Ricë told me that I could expect Mary Beth to be entertaining and funny. Those expectations were met! I highly recommend her classes.

This time I took quite a few photos.

A photo of me (imagine that!) and the beginnings of the panels. I picked some wild fennel seeds and stems in Benicia which is what I used for the texture in the bottom on the bottom right panel.

^How mine came out at the end. I was very pleased and not a little surprised.

^Classmates’ work.

^Other students playing!

Midway through this class I was overwhelmed with the possibilities of this playful, easy technique. I get like that. After being “on” for two days, I suddenly had to retreat and process it all. Otherwise, I would have and could have kept doing this for the rest of the evening, a choice which Mary Beth graciously extended to us.

art retreats, Art-is-You, book arts, California

Art-is-You Petaluma – Petaluma – Albie’s class

The Sheraton Sonoma is also a marina on the Petaluma River. This was the view from my room on Friday morning, Sept. 21.

Albie Smith was really the teacher I came to see in Petaluma. It wasn’t that I felt that she had bookbinding techniques to teach me that I could only get from her. I took a book class with her at Art & Soul once and a three day class with her at An Artful Journey, where I focused on color and decorative papers. I came to Petaluma to be in the sphere of her energy because I love her personality, her style, and her beautiful, rich palette of colors. I just wanted a relaxing workshop where I could pick up a few basic tips (I always do, no matter what level I think that I’m at) and stitch books together with her luscious papers. And that’s what I did.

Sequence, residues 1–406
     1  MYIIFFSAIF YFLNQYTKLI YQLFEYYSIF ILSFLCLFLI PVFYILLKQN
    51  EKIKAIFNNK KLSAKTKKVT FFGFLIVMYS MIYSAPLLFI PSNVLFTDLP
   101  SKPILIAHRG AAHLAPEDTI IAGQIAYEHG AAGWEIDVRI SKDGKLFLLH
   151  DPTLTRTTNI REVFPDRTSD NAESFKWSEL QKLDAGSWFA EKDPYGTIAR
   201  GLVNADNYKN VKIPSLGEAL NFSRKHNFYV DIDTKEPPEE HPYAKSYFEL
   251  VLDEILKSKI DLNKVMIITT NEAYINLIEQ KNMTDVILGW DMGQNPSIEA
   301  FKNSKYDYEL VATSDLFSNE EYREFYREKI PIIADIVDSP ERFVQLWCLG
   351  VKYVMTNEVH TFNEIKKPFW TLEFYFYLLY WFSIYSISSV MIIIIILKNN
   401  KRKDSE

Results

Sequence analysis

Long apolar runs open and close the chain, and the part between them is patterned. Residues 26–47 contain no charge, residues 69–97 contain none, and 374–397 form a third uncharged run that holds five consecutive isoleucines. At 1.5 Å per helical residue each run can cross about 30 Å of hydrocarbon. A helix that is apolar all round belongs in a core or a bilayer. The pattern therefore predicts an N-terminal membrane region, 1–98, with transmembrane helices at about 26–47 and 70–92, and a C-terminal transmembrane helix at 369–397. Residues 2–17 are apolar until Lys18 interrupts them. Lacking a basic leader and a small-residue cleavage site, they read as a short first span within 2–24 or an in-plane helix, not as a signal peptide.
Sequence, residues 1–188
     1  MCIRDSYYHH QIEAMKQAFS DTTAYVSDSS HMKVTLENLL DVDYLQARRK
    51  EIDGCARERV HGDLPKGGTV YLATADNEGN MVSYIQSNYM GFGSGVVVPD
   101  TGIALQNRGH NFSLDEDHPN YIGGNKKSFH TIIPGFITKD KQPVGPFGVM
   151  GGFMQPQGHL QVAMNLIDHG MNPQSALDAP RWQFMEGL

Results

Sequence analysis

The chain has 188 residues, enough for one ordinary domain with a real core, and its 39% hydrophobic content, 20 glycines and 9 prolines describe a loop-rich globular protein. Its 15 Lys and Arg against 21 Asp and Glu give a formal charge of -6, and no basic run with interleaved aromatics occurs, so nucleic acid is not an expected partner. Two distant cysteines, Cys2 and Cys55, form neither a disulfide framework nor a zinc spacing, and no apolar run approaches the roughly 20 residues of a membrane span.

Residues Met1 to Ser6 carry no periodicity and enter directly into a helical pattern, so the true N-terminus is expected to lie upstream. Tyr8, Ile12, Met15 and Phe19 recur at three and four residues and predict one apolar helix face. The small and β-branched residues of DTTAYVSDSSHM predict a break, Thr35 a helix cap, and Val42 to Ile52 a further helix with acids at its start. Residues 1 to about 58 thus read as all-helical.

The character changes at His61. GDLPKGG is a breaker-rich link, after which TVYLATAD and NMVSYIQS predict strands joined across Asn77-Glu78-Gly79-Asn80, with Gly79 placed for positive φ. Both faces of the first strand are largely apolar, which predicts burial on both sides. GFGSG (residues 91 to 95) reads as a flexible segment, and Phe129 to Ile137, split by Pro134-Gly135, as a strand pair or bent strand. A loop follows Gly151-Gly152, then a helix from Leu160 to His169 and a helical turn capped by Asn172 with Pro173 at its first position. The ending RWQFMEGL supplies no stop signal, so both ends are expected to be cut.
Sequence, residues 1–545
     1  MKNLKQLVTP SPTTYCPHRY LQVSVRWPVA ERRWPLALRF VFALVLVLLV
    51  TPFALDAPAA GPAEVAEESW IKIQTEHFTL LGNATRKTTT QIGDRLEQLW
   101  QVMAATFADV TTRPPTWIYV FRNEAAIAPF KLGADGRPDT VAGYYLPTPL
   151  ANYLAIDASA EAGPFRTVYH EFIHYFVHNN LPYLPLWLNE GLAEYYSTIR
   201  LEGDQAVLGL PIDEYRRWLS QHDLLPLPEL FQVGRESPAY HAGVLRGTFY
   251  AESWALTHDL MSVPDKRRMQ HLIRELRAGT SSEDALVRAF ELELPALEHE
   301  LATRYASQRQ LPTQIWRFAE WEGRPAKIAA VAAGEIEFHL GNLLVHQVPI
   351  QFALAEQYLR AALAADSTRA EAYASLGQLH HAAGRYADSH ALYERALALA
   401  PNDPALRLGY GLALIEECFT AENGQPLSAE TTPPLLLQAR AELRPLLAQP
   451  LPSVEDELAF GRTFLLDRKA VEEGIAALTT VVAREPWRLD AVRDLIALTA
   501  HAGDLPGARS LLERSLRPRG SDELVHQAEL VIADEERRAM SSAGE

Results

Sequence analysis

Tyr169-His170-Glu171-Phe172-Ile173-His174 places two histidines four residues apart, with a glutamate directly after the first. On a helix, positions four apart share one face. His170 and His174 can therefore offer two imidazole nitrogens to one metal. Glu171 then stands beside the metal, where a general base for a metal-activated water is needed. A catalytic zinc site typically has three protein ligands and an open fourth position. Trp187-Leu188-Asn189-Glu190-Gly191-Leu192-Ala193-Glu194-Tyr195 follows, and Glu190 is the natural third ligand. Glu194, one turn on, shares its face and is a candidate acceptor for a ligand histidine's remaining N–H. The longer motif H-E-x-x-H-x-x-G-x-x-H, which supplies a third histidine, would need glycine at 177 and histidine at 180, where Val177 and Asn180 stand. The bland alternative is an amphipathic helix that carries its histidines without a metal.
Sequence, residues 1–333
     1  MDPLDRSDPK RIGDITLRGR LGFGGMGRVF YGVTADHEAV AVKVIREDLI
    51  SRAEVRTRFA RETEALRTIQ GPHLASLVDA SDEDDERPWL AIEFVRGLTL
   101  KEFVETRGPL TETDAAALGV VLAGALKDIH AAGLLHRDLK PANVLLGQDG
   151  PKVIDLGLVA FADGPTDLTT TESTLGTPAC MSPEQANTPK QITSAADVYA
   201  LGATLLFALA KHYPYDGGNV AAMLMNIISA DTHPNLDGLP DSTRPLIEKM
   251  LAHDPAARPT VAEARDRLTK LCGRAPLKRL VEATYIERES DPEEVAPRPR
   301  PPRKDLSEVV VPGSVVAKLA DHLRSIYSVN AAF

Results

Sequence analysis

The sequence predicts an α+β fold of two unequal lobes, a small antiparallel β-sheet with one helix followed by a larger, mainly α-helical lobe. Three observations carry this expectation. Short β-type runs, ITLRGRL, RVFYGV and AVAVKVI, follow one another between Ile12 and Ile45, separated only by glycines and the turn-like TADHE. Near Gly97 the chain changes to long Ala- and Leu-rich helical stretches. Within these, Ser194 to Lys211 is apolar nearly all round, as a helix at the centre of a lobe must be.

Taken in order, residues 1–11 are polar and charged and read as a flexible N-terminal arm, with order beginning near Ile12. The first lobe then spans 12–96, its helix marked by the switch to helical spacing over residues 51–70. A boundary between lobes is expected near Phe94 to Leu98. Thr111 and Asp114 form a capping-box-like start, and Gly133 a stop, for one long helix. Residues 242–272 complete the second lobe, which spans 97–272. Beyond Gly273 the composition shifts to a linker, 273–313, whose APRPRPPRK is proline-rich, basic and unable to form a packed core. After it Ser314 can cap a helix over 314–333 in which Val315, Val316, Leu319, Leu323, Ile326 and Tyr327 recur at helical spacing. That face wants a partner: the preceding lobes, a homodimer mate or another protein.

The best thing that came out of this class was that Albie connected with me and brought me into her circle. I wish that I lived in Oregon so that it wouldn’t be so expensive to study with her because I’d love to make paper with her. I don’t know why, but I feel a deep affinity with Albie.

The following photos are from the class. The papers were painted by Albie. None of these are my work, and I apologize that I did not get names. I didn’t take many photos because I was focused on what I was doing.

Albie’s samples and a classmate binds two signatures with a dash stitch.

Albie shows off a student’s chain binding. The covers of this book looked like an abstract beach or sunrise. The entire book was quite beautiful and I wish I had gotten a photo that showed them.

art, art retreats, Art-is-You, California

Art-is-You Petaluma – Benicia

September 19-20, 2012. My trip to San Francisco was nearly perfect. It was so easy to take the Airporter Express, a very nice bus with free wi-fi and a bathroom, to Petaluma. I finally got to travel across the Golden Gate bridge, and I had perfect views of the Marin and Sonoma County landscapes, which surprised me the whole trip. It was less mountainous, less tree-covered, and much, much less developed than I expected. There were marshlands and wide, hilly pastures. Not many people there for the Art-is-You retreat seemed to be around that night, so I ate a delicious kabocha squash ravioli and knocked back a couple of Red Tail Ales at the hotel bar. This area of the country is dedicated to local food and has some of the most active Slow Food convivia in the country. (I know that SFUSA calls them “chapters” now. But I love the word convivium and choose to use it.)